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Visitors in the Permanent Collection

Long-term loans of artwork from private collectors and other museums are an effective and efficient way for a museum to give visitors a new perspective on its permanent collection, and for lenders to get their artwork out to new audiences. In the Charles O. McGaughey Gallery on the second floor of the IMA, visitors will currently find a painting by Thomas Gainsborough, titled Wooded Rocky Landscape with Mounted Peasant, Drover, Cattle, and Distant Building, on loan from the Tacoma Art Museum.

Image Courtesy of the Tacoma Art Museum

Painted around 1786, it’s a luminous, bucolic little scene- that holds its own next to J.M.W. Turner’s powerful and dramatic The Fifth Plague of Egypt from our permanent collection (recently returned from New Orleans Museum of Art). Having the Gainsborough from Tacoma to compare with paintings by Turner, Benjamin West, and Richard Wilson creates a new experience of the IMA’s holdings in late eighteenth-century English landscape painting. The painting will be here until June 2011.

The painting may look like it was painted directly from nature, but Gainsborough created his landscapes in the studio, working on them in the evenings after his portrait sitters had gone. He certainly used sketches made outdoors to help compose his paintings, but he also built little landscape tableaux in the studio to lay out his compositions. Discussing Gainsborough’s working practice, his rival Joshua Reynolds reported that “from the fields he brought into his painting-room stumps of trees, weeds, and animals of various kinds; and designed them, not from memory, but immediately from the objects. He even framed a kind of model from landscapes on his table; composed of broken stones, dried herbs, and pieces of looking glass, which he magnified and improved into rocks, trees and water.” This process-oriented approach to landscape painting was typical of Gainsborough.  Another landscape by Gainsborough in the IMA’s permanent collection is an example of what the artist called a “varnished watercolor,” created in mixed media that includes white lead, ink, gouache, milk, and glue on several pieces of paper joined together and mounted on canvas.  The painting, on view in the balcony of the Clowes Pavilion, has the appearance of a drawing, thanks to the rapid execution and the flickering highlights.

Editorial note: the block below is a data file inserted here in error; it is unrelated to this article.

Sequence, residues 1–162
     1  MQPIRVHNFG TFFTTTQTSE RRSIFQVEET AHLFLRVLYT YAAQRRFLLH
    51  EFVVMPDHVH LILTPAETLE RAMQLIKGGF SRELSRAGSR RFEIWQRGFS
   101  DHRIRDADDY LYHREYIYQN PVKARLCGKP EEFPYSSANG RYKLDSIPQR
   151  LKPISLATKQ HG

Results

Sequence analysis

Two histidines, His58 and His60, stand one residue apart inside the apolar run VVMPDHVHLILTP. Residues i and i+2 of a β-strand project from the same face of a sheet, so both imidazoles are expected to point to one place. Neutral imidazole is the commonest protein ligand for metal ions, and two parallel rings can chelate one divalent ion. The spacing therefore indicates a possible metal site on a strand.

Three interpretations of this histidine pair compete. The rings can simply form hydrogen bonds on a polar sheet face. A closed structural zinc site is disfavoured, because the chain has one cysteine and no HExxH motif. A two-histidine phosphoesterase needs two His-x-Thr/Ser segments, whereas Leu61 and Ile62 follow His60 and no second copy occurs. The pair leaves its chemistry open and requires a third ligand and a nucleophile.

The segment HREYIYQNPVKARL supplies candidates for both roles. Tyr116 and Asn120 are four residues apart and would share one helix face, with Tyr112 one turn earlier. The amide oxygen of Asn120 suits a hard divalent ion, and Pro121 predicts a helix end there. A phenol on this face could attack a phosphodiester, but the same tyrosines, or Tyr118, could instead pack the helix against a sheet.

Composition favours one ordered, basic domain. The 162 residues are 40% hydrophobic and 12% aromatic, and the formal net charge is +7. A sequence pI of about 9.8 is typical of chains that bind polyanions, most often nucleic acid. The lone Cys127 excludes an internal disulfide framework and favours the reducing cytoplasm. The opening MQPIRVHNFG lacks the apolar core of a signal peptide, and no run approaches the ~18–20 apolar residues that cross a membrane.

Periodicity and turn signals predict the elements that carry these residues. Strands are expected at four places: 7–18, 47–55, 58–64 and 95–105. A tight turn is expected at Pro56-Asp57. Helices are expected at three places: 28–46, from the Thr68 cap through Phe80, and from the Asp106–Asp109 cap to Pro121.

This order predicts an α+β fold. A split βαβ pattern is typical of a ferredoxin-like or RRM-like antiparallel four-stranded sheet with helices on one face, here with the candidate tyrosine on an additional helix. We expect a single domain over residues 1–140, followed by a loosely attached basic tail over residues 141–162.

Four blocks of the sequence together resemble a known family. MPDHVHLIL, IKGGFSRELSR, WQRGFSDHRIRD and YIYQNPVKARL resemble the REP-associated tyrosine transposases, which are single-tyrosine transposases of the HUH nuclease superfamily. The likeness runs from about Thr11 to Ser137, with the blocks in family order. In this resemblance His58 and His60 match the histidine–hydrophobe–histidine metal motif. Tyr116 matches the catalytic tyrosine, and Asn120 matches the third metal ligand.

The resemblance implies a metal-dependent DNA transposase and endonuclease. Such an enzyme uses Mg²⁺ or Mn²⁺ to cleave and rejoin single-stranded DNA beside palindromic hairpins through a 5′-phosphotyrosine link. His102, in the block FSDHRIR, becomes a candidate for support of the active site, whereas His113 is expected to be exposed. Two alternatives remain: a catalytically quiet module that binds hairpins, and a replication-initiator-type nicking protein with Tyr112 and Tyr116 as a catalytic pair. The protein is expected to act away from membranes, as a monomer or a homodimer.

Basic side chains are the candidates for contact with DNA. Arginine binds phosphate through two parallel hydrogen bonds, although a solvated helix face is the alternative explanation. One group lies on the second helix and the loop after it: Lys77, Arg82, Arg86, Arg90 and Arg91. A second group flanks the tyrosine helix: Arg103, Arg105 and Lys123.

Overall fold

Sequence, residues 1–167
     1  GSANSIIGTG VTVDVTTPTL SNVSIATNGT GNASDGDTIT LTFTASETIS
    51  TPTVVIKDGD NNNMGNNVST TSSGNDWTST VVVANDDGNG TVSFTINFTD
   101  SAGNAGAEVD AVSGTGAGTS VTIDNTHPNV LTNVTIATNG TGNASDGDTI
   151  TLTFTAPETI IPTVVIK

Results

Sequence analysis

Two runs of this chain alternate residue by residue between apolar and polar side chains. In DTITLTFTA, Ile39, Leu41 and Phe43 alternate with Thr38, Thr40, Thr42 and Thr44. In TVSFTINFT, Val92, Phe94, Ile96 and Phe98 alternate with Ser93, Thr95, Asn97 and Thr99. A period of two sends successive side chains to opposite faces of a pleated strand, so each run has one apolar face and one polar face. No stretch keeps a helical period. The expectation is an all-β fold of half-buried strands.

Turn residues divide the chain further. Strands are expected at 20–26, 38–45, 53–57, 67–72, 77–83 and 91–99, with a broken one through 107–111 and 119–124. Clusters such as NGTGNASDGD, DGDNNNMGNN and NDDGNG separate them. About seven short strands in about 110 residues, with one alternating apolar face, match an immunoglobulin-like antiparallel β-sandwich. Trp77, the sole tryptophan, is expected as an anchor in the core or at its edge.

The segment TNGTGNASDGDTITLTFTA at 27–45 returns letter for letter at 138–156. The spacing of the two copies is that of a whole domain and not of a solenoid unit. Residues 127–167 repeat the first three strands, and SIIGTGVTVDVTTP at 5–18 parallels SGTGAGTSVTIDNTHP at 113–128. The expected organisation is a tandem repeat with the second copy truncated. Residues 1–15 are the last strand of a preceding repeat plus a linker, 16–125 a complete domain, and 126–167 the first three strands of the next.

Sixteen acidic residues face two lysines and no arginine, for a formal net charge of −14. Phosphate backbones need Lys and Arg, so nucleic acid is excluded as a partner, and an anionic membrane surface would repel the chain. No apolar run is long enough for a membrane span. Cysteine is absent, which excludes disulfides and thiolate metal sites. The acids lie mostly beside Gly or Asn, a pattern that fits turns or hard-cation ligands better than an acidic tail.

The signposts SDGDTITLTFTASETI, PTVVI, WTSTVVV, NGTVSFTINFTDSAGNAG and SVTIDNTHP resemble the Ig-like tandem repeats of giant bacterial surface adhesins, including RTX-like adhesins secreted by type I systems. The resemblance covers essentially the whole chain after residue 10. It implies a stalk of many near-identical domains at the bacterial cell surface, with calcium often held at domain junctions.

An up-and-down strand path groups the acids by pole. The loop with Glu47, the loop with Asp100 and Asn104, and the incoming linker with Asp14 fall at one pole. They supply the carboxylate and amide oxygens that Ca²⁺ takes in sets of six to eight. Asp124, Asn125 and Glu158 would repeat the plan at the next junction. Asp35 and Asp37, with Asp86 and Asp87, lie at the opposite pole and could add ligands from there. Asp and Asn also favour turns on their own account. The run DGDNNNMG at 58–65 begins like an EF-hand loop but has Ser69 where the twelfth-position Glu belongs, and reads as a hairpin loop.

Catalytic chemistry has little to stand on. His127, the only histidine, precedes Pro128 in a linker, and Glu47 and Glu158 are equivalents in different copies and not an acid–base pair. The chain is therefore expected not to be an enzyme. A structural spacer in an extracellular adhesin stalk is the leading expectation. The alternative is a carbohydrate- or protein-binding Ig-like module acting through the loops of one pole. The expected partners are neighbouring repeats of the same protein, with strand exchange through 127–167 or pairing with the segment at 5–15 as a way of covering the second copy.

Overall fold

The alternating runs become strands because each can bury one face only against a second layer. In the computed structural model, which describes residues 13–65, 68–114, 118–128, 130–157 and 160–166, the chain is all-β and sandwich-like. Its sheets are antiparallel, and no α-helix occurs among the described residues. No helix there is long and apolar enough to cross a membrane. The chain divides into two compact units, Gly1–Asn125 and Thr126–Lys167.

Gainsborough may have made his name as a society portrait painter, but he found real joy in landscape painting. Because of his fame as a portraitist, it’s somewhat surprising to realize that Gainsborough could apparently be rather half-hearted about the business of portrait painting.  He himself admitted that he sometime found it tedious to crank out the portraits his clients demanded and wished that “the People with their damn’d Faces could but let me alone a little.”  In a letter he declared, “I’m sick of Portraits and wish very much to take my Viol de Gamba and walk off to some sweet Village when I can paint Landskips and enjoy the fag End of Life in quietness and ease.”

Gainsborough was a rather temperamental character who had very strong opinions about how his work should be displayed.  In fact, he eventually broke his ties with the Royal Academy after a dispute over how his paintings should be installed in their galleries—he preferred that they be hung higher on the wall so that the his broadly painted style could be fully appreciated. In a huff, he pulled his paintings from the Academy’s annual exhibition and began displaying his work in his studio, where he could hang his paintings as he pleased. The painting on loan from Tacoma is one of seven landscapes that Gainsborough exhibited in his London home, Schomberg House, in April of 1786.

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